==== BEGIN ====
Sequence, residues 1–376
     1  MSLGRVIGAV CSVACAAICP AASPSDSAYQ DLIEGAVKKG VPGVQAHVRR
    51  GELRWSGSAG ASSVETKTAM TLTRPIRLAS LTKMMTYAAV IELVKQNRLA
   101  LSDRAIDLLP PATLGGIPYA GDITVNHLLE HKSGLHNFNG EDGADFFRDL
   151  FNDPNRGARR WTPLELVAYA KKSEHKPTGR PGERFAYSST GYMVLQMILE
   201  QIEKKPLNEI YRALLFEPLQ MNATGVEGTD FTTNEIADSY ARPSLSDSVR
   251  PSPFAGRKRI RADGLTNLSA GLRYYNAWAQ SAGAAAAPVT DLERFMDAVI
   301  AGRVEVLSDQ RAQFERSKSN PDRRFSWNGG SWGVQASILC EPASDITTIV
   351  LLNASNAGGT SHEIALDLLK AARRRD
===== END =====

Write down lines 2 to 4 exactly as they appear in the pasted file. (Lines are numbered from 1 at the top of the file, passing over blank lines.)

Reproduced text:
     1  MSLGRVIGAV CSVACAAICP AASPSDSAYQ DLIEGAVKKG VPGVQAHVRR
    51  GELRWSGSAG ASSVETKTAM TLTRPIRLAS LTKMMTYAAV IELVKQNRLA
   101  LSDRAIDLLP PATLGGIPYA GDITVNHLLE HKSGLHNFNG EDGADFFRDL